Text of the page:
Making learning fun and experiential isn’t new but using ed-tech solutions with a gamified approach, educational game websites and apps or exploring AR and VR technologies to create immersive and interactive learning experiences is recent. Added to this is the growing use of computer-based chat rooms, online polling tools and survey platforms that facilitate communication and support collaborative learning and research. Alongside the increasing numbers of digital platforms, e-books, and audiobooks, supports the anytime, anyplace, continuous learning experience.

Additionally, social media allows publishers (and authors) to directly reach readers and gain new audiences via targeted advertising. Technology platforms such as Goodreads, Instagram, TikTok, X and YouTube have completely changed the way the publishing industry connects and reaches its audience.The focus on user experience over product reach is driven and aided by technology and using Machine Learning (ML) and other AI algorithms to enhance discoverability, engagement and output quality. Determining user preferences and student behaviours means personalization of content and the learning experience becomes much like your Netflix or Spotify feeds allowing targeted advertising and bespoke content recommendations.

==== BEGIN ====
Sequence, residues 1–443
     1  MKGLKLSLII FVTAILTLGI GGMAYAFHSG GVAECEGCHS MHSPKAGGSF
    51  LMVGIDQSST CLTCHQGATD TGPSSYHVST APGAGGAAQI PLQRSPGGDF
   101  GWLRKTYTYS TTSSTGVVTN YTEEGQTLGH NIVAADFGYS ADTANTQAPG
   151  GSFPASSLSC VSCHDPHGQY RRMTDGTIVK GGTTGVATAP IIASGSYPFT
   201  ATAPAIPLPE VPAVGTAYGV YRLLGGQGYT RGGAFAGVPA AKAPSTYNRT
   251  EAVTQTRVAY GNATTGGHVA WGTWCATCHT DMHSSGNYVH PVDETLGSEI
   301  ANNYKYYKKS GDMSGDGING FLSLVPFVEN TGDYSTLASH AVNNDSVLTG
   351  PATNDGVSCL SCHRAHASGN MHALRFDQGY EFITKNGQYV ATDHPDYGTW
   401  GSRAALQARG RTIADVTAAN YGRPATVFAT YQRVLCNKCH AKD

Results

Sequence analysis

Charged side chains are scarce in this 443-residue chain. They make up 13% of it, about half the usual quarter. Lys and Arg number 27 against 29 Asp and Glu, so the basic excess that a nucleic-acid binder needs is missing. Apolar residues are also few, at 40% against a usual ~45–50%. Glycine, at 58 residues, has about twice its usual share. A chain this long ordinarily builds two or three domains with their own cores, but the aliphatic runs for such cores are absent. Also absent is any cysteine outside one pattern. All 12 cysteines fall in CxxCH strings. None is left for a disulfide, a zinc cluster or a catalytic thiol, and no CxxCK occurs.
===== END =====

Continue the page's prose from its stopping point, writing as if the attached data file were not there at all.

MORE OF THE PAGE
Access, Accessibility, Sustainability

Technology provides students with instant access to a vast amount of information and resources. Be it digital libraries and online databases with books, journals and audio-visual content or educational platforms and learning management systems (LMS) that provide a centralized location for teachers to share resources and assess engagement and participation by students. Additionally, Open Educational Resources and Open Access content provides increasing and freely available educational and research materialsto instructors, students and researchers online. At least on campuses access to learning resources is better than ever before. Off campus, spotty and expensive internet connections, lack of appropriate devices and paywalls can still be barriers.

Accessibility has also been aided by technologies such as AI and VR/AR by reducing language and geographical barriers. With one in ten people in the world with some kind of disability, special needs can be addressed using alternative texts for images (AltText), audio feeds, plain language summaries, translations and more, to match the learning speeds and needs of individual users.